Mothers and movers: What could this unlikely pairing possibly have in common? Besides sharing (along with journalists) a high ranking in the completely subjective category of “Most Underrated Professions in the World,” I submit that they are practically one and the same.
To be fair, all parents can be included in this assertion.
The development of the “mover” in the parental role begins early, typically shortly after a couple learns they are expecting a little bundle of joy. While Polonius wisely advised his son Laertes in William Shakespeare’s “Hamlet” to “Neither a borrower nor a lender be,” how many of us ignored that classic counsel and schlepped home hand-me-down strollers, cribs, playpens, changing tables and baby swings?
The memory of assembling our eldest’s crib for the first time remains vivid, roughly 23 years later. (What WAS that black bar for, anyway??) But we were merely on our first warm-up for all the moves (and furniture assembly and disassembly) that were, and still are, to follow.
Fast-forward 18 years and we were busily packing the family van for Son #1’s first semester at college. How delightful it was to discover his room was on the residence hall’s fifth floor! Naturally, the building was served by one elevator, steadily in demand by roughly 150 other first-year college students and their desperate, sweating (and sometimes swearing) parents.
Hence, we chose to incorporate the principle of “lifestyle fitness” and logged far more than the recommended 10,000 daily steps as we hauled bedding, clothing, books, storage units, laundry detergent, fans and much, much more ever upward to help the lad feather his nest for the year.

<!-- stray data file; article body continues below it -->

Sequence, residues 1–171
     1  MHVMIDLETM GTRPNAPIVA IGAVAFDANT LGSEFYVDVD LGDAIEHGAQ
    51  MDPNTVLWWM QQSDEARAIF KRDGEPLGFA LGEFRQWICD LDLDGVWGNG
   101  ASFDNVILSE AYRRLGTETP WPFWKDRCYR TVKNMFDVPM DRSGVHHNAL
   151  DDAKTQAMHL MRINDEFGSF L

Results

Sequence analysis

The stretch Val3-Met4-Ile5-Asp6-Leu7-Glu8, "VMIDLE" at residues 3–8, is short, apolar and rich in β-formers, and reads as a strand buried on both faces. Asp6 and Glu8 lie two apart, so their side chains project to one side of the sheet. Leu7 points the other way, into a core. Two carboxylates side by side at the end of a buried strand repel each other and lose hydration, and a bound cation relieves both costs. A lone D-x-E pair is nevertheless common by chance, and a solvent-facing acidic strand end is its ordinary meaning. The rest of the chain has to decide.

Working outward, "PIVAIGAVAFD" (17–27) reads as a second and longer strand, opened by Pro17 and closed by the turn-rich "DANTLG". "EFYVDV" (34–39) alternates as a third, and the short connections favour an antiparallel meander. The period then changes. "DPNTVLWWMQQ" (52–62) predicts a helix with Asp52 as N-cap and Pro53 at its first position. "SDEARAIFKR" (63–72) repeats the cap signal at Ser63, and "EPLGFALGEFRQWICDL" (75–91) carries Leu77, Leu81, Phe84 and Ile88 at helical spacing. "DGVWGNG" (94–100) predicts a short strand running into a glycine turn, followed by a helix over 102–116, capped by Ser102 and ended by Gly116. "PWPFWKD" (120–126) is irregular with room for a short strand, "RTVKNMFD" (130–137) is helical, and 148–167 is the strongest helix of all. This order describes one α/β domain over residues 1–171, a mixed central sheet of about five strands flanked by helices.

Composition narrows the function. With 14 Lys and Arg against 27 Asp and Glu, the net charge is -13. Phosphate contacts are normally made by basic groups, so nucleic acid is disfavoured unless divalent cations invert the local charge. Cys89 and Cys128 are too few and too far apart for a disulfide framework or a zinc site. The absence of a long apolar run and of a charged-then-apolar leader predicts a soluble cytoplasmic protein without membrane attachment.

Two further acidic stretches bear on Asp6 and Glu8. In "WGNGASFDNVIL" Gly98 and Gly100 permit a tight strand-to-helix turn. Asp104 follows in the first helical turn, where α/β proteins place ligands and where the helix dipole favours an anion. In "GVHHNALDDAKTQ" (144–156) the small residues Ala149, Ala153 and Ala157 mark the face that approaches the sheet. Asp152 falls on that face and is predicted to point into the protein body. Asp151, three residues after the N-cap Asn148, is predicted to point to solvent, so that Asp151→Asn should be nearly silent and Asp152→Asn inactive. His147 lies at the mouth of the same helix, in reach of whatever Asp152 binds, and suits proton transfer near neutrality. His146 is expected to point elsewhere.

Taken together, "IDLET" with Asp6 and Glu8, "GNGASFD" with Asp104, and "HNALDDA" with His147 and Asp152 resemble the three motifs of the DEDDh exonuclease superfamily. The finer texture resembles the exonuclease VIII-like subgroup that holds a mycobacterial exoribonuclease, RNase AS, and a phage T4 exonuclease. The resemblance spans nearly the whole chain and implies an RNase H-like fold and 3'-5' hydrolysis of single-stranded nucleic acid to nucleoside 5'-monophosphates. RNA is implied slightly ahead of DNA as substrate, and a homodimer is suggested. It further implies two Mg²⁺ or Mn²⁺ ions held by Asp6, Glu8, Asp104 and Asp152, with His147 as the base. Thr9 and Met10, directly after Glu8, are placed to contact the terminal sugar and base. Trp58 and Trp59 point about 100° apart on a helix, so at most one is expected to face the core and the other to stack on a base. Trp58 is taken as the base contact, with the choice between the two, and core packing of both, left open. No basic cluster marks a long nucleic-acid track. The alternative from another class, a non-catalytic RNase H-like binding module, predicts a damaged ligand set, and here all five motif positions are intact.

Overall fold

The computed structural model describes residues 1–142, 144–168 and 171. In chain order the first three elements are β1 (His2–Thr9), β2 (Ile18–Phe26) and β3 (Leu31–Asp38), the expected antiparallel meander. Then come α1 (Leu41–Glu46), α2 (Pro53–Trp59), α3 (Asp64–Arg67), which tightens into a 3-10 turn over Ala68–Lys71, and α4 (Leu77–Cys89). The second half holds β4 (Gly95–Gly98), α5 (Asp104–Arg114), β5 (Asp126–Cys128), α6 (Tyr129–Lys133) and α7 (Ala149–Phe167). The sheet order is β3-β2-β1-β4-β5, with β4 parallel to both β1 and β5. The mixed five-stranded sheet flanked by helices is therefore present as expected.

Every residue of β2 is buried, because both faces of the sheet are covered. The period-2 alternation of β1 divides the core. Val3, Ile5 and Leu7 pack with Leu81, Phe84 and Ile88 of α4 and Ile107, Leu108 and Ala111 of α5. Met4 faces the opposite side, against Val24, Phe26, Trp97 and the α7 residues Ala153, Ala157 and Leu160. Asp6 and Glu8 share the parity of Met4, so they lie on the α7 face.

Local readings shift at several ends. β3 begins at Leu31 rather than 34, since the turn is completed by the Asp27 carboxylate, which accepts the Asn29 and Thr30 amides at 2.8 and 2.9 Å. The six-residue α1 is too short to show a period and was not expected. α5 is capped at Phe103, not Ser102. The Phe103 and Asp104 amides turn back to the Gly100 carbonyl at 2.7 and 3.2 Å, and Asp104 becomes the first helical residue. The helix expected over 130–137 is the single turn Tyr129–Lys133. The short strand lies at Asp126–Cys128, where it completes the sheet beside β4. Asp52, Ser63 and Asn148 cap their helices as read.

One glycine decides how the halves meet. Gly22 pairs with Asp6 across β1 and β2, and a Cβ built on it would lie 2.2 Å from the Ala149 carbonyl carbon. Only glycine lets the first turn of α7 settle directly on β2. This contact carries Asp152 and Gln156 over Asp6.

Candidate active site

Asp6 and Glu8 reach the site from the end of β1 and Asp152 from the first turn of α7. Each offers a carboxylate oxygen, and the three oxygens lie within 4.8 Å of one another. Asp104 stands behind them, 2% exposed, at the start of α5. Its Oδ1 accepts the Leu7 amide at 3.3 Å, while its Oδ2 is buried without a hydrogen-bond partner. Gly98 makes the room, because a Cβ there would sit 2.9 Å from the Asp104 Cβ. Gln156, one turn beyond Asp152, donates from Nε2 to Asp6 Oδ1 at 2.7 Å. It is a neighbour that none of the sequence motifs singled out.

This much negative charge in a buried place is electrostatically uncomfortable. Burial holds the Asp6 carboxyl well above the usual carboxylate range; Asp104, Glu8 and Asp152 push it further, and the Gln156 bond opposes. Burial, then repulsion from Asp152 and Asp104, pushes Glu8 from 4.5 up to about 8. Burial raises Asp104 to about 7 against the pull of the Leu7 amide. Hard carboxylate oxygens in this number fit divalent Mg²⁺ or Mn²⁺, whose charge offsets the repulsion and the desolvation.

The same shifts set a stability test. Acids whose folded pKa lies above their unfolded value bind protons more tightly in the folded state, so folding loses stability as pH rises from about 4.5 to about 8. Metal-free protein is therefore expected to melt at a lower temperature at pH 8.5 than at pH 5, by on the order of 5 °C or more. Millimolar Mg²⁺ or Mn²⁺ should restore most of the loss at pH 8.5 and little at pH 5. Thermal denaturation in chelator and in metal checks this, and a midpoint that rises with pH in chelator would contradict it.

Of course, what goes up must come down, so roughly nine months later we had the distinct privilege of employing the reverse process to empty the space.
Last June we again defied Polonius and borrowed a truck as we moved bigger and better household items to the duplex our son was renting for the year with three housemates. In went a bed, a dresser, a desk, chair, lamps, cooking pans and a futon. (Fortunately, our backs didn’t go out.) Hey, honey, remember the hide-a-bed couch?
Autumn rolled around, and while our son was in still in place, this time it was our daughter in need of a move–and her first-year college room was on the 10th floor. No, we didn’t take the stairs, opting instead to leverage patience and strategy as we crammed load after load into the elevator at regular intervals.
Recently, I had the pleasure of assisting her in moving out on a rainy day; only as I type does it occur to me that perhaps tossing her belongings directly from the window to a mattress on the ground 10 floors below might have been a more efficient method.
And there’s still more marvelous moving to anticipate! Soon our son must vacate his duplex, so we’ll be reliving the start of last June in opposite form. Plus, our daughter will occupy a different residence hall for the summer, meaning another move-in date is imminent.
Quick and casual research revealed that, were we to be compensated at the rate of professional movers, we could have received between $960 and $1,300 for our recent efforts. Unfortunately, parents are put in the position of not only providing the physical labor for these moves but also paying colleges and landlords for the honor of serving as pack mules.
I feel more akin to Laurel and Hardy than a seasoned moving professional, but the amount of moving experience I’ve amassed in the past two decades surely should count for something.
To move or not to move? With young adults in the picture, that is never the question–but always the answer.